Disclaimer: This post may contain affiliate links. Using these links provides a small percentage to me that I use to purchase books for our home and school.
Last year I failed at my plans to share about the books I was reading regularly. I told myself that I would do better in 2017. What’s On Your Nightstand is a great way to hold myself accountable, so I am going to try to participate each month.
What I Read in January:
The Readers of Broken Wheel Recommend (Katarina Bivald) – This was recommended on my library’s website. I perused a few reviews and saw it compared to 84 Charing Cross Road (which I loved) and The Guernsey Literary and Potato Peel Society (another book I loved). I had no expectations that this would be a gripping, powerful story. I was looking for a light enjoyable book that used the love of literature as an element of the story.
Unfortunately this was a disappointment. The main character, Sara, was not interesting or engaging. While other characters added some life to the story, you never learn enough about them to pull it all together. I cringed at the depiction of “Christians”. The weak pastor who is lead by the uptight town busybody. There is also much focus on various views of appropriate relationships. This is one selection that I can not recommend. I may need to re-read 84 Charing Cross Road.
The Lilac Girls (Martha Hall Kelly) – It is no secret that I am drawn to stories set during World War II. Naturally, I had to read Lilac Girls. Lilac Girls brings together the lives a New York socialite, a Polish teenager, and a young, female German doctor. The story travels from New York, Poland, France, and the concentration camp, Ravensbrück.
For me. this story lacked a continuity and depth compared to other WWII books I have read. What I found interesting is a fact I realized when I finished the book. The New York socialite, Caroline Ferriday was a real person; her name and work for those ladies that suffered in Ravensbrück was new to me. I wonder if she would be pleased with how she was portrayed?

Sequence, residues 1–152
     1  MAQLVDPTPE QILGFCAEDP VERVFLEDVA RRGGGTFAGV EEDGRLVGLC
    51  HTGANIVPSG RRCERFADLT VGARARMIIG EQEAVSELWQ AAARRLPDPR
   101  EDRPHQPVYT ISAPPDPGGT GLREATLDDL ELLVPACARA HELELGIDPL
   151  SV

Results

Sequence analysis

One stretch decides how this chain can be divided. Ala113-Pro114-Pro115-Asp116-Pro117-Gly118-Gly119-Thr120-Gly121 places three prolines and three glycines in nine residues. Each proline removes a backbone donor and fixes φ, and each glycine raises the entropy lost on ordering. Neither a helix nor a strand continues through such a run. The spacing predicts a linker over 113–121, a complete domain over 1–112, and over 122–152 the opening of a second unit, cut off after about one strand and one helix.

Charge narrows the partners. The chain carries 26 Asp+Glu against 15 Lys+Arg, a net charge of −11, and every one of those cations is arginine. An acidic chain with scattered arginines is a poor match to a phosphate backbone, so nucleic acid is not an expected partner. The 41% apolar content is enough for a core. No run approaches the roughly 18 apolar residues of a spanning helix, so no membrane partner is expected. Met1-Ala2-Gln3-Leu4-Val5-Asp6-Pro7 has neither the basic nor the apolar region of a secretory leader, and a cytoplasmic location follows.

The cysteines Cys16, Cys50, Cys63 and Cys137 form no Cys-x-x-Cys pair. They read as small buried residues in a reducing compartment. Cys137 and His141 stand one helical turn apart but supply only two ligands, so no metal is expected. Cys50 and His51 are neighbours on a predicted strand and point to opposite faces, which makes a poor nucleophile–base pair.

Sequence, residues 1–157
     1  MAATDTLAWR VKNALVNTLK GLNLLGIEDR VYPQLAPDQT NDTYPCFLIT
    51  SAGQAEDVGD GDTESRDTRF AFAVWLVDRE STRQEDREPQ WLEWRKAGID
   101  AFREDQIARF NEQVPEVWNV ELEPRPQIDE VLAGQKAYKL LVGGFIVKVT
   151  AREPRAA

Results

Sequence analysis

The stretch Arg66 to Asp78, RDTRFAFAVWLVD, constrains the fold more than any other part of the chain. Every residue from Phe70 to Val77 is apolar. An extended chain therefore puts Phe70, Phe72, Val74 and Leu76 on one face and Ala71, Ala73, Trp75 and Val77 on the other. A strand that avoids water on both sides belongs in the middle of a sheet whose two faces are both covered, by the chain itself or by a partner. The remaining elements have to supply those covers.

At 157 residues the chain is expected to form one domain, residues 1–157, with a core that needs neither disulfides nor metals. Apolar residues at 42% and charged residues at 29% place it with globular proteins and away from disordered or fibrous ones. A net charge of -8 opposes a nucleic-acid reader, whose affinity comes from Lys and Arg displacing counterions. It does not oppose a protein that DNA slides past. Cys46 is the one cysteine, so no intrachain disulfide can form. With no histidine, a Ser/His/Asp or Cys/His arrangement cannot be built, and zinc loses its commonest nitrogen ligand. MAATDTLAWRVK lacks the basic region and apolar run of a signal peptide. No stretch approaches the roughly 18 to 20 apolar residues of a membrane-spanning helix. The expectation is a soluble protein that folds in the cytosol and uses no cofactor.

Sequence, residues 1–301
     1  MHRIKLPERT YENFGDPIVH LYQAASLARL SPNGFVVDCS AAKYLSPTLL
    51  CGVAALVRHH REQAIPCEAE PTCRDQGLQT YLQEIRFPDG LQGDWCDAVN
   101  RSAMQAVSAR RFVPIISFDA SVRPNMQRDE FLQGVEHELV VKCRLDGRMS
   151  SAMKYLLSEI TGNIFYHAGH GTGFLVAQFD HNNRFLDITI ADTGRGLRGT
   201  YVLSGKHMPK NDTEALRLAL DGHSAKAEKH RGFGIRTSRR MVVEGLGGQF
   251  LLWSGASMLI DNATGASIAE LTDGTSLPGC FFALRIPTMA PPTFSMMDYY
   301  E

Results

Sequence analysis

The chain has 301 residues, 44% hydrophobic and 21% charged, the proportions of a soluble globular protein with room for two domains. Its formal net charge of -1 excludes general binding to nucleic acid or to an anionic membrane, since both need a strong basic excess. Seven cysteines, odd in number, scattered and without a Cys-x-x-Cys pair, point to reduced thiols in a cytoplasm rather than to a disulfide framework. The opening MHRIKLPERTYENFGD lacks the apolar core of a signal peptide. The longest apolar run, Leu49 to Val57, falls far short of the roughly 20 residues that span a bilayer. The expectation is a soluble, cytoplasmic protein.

Trouble (Gary D. Schmidt) – Can we go wrong with Mr. Schmidt? I do not think so. Trouble introduces us to Henry Smith. Henry is from a well-established family in Maine. His life is forever changed when his brother, Franklin, is hit by a car. Henry is driven to hike Mt. Katahdin to try to make sense of what has happened. This is a story of grief, hurt, friendship, sacrifice, prejudice, and love. Henry learns that Trouble can’t be kept away.
My teens and I all enjoyed reading Trouble. Schmidt has a gift at telling a moving story in a subtle way. As always a bit of comic relief is offered up to balance the emotional impact of the story. I also appreciate books that give some great male characters for me teen son to read.
Counting Thyme (Melanie Conklin) – I read a bit about this several months ago and passed over it. Then I saw a review of it at Semicolon and was swayed to give it a go. Thyme, age 12, I think, has to move across the country so her brother, 5, can have cancer treatment. Thyme struggles with wanting to go back home and knowing her brother needs to be here.
Conklin does an excellent job of showing the various aspects of Thyme’s relationships, struggles, and emotions. The other characters in the story are engaging. I must confess that I wish I had a Ravioli. It is a sweet story of a family that is facing a serious struggle and need each other to stand strong. An excellent middle grade read. There is a bit of young “romance” that is handled appropriately and sweetly. Just noting that for those who prefer books with no romantic leanings.
What will I be reading in February? /So far I have these selected:
- The Woman in Cabin 10 (started tonight and not sure if I will push through)
- Above – Roland Smith
- Gertie’s Leap to Greatness – Kate Beasley
- Brave New World – Aldous Huxley
- The Circle – Dave Eggers
I have a few more requested but I’m not sure if they will be available in February or not.
What is on your nightstand?
(Pop back in later this week when I’ll share what I have been reading aloud with my children.)